1882. Jan. 8. Sabbath. We have attended meeting as usual. Mr. Pascoe preached a very good sermon from the subject - "Two good things" - "It is good for one to draw near to God," and, "It is good for me that I have been afflicted," both of which I can say truly. (T.S.R. 42. 2 P.M. 56. S.S. 51.)
Jan. 9. Monday. Received letter from Ada. (T.S.R. 31. 2 P.M. 52. S.S. 48.)
Jan. 10. Tuesday. A cloudy day with a shifting wind and a little rain in the afternoon. Have written to Ada. (T.S.R. 35. 2 P.M. 55. S.S. 50.)
Jan. 11. Wednesday. A windy day. Father and Mother dined with us. Have received letters from Horace and Howard. Horace has been visiting in North Abington, and going from the Railroad Station to find Uncle Charles Stetson's, he passed and recognized our old home, from its resemblance to a picture I have of it here, hanging in the sitting room. Father was greatly interested in his description of the surroundings. (T.S.R. 33. 2 P.M. 47. S.S. 45.)
Jan. 12. Thursday. Windy and very cold. Wrote to Howard. (T.S.R. 28. 2 P.M. 46. S.S. 42.)
Jan. 13. Friday. Still cold and windy. Have written to Horace. Ida has come to spend Sabbath with us as usual. The school is large and wearisome, and she says she should not know what to do without these two days at home. She wants to tell "mother" all about it. (T.S.R. 32. 2 P.M. 51. S.S. 43.)
Jan. 14. Saturday. The Granger's have a banquet at the Dexter school house, where Ida teaches, and she has gone on their pressing invitation, knowing she would have an opportunity of meeting some of the parents there, whom she has never seen. A very cold morning. (T.S.R. 22. 2 P.M. 49. S.S. 45.)
Jan. 15. Sabbath. A birth and a death to chronicle. Sister Susie had a little daughter born this morning. Hannah Geffroy is with her. The McMartin's - a family just come from the East, lost their only son - a young child less than two years old, today. He had spasms, owing to teething. We have attended meeting as usual. Mr. Pascoe preached from the text, "Wherefore do ye spend money for that which is not bread," &.c.
1882. Still very cold. (T.S.R. 27. 2 P.M. 47. S.S. 45.)
Jan. 16. Monday. We have attended the funeral at the church of Johnnie McMartin. Mr. Pascoe spoke from the words, "What I do thou knowest not now, but thou shalt know hereafter." I have received a letter from Horace saying that the little charm for his watch-chain, in barrel form, with some of my hair in it, which I sent him for a Christmas present, was badly smashed up in the mail before it arrived there. I also gave two others to Luther and Howard. It is still very cold. (T.S.R. 25. 2 P.M. 50. S.S. 48.)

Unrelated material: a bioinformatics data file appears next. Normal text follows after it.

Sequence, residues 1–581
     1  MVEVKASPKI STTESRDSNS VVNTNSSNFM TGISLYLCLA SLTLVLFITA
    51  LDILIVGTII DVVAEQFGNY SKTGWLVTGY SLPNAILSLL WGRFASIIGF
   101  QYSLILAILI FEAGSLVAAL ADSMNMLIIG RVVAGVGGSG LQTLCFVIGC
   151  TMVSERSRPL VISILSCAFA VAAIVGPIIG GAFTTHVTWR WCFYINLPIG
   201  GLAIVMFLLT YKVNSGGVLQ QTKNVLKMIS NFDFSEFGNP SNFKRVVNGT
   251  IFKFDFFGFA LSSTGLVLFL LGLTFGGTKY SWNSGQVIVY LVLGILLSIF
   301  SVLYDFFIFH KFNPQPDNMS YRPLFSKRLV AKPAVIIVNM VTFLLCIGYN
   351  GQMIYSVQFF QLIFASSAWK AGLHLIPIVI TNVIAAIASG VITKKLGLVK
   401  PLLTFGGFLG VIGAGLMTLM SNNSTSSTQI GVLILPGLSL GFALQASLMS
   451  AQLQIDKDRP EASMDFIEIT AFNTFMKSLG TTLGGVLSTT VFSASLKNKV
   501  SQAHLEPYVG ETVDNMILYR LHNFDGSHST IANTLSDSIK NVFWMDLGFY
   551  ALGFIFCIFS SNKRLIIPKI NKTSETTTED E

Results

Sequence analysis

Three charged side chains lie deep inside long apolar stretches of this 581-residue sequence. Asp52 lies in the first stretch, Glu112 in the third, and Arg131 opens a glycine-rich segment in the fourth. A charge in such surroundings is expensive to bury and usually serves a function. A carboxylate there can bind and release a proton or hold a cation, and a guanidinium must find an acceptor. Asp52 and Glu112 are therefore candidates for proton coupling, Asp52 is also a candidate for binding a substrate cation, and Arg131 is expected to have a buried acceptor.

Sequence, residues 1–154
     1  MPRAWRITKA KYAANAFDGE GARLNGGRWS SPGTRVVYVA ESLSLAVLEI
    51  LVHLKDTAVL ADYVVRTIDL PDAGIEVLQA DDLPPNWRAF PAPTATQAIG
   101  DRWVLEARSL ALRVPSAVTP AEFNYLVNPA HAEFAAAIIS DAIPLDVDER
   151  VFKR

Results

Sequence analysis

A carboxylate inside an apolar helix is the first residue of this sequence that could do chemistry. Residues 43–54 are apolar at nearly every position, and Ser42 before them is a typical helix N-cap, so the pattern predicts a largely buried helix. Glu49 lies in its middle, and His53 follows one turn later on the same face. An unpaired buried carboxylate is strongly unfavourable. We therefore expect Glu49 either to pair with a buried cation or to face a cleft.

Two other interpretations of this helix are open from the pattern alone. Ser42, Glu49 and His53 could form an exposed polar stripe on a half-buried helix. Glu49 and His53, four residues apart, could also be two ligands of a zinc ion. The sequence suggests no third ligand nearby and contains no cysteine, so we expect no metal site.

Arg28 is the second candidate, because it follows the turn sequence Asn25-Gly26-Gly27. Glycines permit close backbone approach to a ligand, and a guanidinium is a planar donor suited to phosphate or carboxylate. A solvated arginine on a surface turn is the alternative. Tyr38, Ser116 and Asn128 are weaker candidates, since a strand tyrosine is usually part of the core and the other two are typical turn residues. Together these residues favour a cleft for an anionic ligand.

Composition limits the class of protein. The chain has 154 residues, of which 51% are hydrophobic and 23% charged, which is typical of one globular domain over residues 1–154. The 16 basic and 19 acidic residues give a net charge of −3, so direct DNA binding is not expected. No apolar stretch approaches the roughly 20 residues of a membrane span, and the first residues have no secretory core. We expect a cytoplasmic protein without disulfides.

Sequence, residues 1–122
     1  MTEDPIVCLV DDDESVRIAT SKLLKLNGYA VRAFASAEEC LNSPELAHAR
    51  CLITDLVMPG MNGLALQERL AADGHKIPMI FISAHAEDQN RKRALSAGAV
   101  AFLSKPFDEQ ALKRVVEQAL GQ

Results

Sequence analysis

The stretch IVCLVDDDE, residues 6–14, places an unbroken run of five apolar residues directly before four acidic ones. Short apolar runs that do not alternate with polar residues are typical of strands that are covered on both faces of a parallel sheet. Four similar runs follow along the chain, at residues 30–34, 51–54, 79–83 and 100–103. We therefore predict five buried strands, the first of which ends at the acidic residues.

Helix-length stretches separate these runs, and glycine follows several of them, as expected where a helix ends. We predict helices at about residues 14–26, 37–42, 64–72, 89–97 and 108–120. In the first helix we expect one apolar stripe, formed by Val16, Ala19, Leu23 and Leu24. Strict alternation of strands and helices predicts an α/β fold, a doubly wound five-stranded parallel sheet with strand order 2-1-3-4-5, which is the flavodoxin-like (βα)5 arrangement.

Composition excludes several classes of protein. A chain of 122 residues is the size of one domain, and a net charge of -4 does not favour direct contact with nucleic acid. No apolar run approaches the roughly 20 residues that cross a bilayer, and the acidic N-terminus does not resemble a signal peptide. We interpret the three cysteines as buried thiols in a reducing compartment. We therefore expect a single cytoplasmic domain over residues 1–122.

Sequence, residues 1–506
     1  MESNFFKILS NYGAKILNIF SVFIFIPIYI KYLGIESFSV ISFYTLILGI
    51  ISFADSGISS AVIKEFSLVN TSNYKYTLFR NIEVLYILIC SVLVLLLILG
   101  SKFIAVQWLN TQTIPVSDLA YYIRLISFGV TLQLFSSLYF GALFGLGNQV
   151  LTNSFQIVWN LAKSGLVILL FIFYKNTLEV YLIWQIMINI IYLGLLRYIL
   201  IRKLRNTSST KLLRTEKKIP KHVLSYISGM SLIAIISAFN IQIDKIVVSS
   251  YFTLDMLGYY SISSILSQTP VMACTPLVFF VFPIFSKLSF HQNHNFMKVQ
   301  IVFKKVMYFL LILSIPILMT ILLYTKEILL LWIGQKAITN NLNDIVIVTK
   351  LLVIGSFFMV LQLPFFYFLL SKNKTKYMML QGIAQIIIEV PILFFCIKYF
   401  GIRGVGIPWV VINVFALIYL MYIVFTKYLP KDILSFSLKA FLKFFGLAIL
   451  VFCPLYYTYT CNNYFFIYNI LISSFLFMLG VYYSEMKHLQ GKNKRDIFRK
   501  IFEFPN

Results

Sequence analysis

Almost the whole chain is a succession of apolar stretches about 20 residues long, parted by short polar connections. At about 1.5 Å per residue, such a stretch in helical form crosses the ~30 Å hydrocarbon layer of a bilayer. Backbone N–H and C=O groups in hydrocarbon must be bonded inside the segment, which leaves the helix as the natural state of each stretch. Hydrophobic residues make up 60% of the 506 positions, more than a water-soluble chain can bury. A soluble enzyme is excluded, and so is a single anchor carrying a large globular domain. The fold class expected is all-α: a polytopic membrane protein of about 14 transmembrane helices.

Jan. 17. Tuesday. Have written to Ada today. Lillie Greve came to visit with us a few weeks. Her brother Harry came with her and left again. Mrs. Sandoz called. Have received letters from Howard and Horace. The latter has been visiting in Plymouth Co. and sends messages and descriptions of friends to all the connections here. (T.S.R. 30. 2 P.M. 51. S.S. 47.)
Jan. 18. Wednesday. The day was a little cloudy with a windy night. (T.S.R. 32. 2 P.M. 55. S.S. 49.)
Jan. 19. Thursday. Wrote to Howard. (T.S.R. 38. 2 P.M. 55. S.S. 51.)
Jan. 20. Friday. Have written to Horace. Frank Pygall died today at Lodi, from the effects of a stabbing given him in a saloon, arising from a dispute over cards. This was about three months ago, and he has been suffering ever since - had blood-poisoning and wasted all away. Howard and Frank were too intimate at one time - now when I think of the difference in them since Howard broke away from his influence - he an honored teacher and rising in influence, while Frank has thus died on ignominious death, I praise the Lord who has thus made them to differ. (T.S.R. 32. 2 P.M. 54. S.S. 49.)
Jan. 21. Saturday. (T.S.R. 29. 2 P.M. 55. S.S. 52.)
Jan. 22. Sabbath. Weather a little cloudy. We have attended meeting as usual. Mr. Pascoe preached from the text, "Then ask not far from the kingdom of God." Frank Pygall was [?]
Original dimensions: 22 x 34 cm.
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Delia Locke, diaries, women, diarist, California, Locke-Hammond Family Papers, Lockeford, CA, Dean Jewett Locke, rural life, rural California, 19th Century, church, temperance organizations, Mokelumne River Ladies' Sewing Circle, temperature recordings, journal